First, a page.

Some plants defend themselves against predators and insects by creating poisonous chemicals. A number of these chemicals are also toxic to humans. Plants don’t spew out the toxins into the environment; they simply release them when the plant is wounded, broken, touched or ingested. Volatile toxins can be discharged if a plant, containing toxic oils, is burned. Ingesting components of a toxic plant triggers the greatest threat to human health and life. Young children are those most likely to take a toxic plant without respect to its often-bitter taste. Both weeds and precious garden plants may be poisonous.
Extremely Toxic Plants
Oleander (*Nerium oleander*), deadly nightshade (*Atropa belladonna*) and castor bean (*Ricinus communis*) are highly poisonous. Oleander, an attractive shrub, and deadly nightshade, a grass or botanical specimen, develop as perennials in U.S. Department of Agriculture plant hardiness zones 5 through 9. Although all parts of oleander are toxic, gardeners develop it for its low maintenance, evergreen elliptic leaves and appealing red, pink, pink or yellow blooms. It is possible to recognize deadly nightshade mainly with its drooping, purple-brown blossoms and its shiny black berries. Castor bean, a vine, is a perennial in USDA zones 9 through 11, but it is also often grown as an annual. It’s considered an invasive plant in some regions of the nation. All pieces of castor bean are toxic but especially its seeds, which contain the poison *ricin*. Gardeners value the castor bean vine for its large, pointy leaves and attractive leaf capsules.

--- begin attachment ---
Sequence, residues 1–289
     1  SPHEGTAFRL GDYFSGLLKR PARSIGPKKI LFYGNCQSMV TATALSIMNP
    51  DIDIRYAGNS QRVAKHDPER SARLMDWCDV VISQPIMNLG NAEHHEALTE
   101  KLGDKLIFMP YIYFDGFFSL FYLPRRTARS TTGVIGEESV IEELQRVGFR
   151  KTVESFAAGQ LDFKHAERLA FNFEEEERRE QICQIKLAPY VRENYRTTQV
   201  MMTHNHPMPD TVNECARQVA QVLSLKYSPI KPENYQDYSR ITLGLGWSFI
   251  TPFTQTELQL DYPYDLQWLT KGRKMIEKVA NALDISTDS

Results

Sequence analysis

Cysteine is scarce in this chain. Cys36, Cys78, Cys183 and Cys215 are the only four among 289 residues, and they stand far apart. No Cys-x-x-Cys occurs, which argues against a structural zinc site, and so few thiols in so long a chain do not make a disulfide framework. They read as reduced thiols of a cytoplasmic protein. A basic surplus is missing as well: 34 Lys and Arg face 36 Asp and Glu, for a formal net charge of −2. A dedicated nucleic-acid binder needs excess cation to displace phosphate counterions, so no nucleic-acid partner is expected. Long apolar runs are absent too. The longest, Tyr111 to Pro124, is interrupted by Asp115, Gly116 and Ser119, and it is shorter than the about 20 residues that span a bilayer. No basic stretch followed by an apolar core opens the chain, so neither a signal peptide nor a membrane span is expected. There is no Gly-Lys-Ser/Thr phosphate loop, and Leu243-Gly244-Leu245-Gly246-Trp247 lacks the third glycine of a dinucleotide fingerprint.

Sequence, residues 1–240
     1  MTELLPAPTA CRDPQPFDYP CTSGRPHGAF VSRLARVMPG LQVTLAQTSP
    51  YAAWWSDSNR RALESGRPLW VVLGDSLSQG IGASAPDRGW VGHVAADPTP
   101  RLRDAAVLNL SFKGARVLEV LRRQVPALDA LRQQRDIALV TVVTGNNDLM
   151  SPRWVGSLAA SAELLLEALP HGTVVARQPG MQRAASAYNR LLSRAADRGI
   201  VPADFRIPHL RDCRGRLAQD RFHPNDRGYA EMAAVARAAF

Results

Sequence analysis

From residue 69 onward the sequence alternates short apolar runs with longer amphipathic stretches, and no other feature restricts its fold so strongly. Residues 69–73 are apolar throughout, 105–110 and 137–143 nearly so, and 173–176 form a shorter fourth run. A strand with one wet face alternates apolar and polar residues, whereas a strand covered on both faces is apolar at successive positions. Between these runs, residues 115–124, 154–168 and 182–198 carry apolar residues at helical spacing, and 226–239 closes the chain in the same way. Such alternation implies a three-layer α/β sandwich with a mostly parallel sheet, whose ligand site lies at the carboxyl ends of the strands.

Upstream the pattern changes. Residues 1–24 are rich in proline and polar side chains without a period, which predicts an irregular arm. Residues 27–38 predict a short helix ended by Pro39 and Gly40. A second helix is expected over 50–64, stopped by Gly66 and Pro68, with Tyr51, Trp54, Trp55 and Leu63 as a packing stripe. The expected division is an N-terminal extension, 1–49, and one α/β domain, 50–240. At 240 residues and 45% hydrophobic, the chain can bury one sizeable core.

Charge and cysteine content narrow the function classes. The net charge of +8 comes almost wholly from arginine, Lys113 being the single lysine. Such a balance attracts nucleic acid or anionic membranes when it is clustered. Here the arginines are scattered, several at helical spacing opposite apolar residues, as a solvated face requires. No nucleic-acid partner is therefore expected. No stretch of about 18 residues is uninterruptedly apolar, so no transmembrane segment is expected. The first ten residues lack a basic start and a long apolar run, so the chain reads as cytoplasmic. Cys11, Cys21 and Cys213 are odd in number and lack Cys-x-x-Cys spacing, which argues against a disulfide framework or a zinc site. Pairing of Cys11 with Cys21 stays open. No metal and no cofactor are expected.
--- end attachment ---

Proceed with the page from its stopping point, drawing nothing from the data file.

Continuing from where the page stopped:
Moderately Toxic Plants
Although extremely toxic plants threaten the life of vulnerable individuals when ingested, moderately toxic plants generally only cause discomforts like stomach cramps, diarrhea and vomiting. Wisteria (*Wisteria spp. *) is an instance of a group of fairly toxic plants, growing as shrubby vines in USDA zones 5 through 9. All of wisteria display spectacular, long flower racemes. Flower colors range from white, lilac to purple, depending on the species or variety. Chinese wisteria (*Wisteria sinensis*) and Japanese wisteria (*Wisteria floribunda*) are vigorous growers and become unruly if not regulated by routine pruning. American wisteria (*Wisteria frutescens*) is better behaved. All flowers, leaves and seeds of wisterias are fairly toxic if ingested.
Irritating Plant Sap
When you split the stems of plants like elephant ears (*Alocasia spp. *), the sap or juice leaking out will irritate skin since the stems contain *oxalate crystals *. Elephant ears are perennial in USDA zones 9 through 11 but often are grown as annuals. Chewing or ingesting plants that contain oxalates can irritate the lining of the mouth and tongue and may lead to throat swelling and breathing problems.
Allergy-Causing Plant Oils
Poison oak (*Toxicodendron diversilobum*) is an illustration of a plant that contains oils that produce a nasty rash, or contact dermatitis, in vulnerable people. Poison oak is a woody vine or shrub, thriving in forests and open areas in USDA zones 7 through 10. Some birds will eat the fruit and may spread the seeds. Just touching any component of poison oak can result in a rash. Clothing, tools or pets contaminated with small amounts of poison oak oils may also produce an allergic response. The smoke from burning poison oak can create severe breathing problems. Not everyone develops an allergic reaction to poison oak; roughly 15 to 20 percent of people are immune to its oils.
Plant Poisoning Treatment
Get familiar with toxic plants that could be growing in your garden or neighborhood. It helps to learn their scientific names since common names may misidentify a plant. If a child — and it generally is a child younger than 6 — contains ingested parts of an extremely toxic plant, then call a physician or the Poison Control Center immediately. The signs and result will vary with the amount of plant material ingested. Everybody is at risk of getting skin allergy or allergic reactions from toxic plants. To prevent skin irritations from oxalates-containing plants, then wear garden gloves when working around them. To stop or decrease an allergic rash after contacting a plant like poison oak, wash the affected skin area with isopropyl alcohol or soap and cold water. Warm water may cause allergy-causing oils to penetrate even deeper into the skin. Apply anti-itch medication to the affected area. See a physician if you develop a severe rash.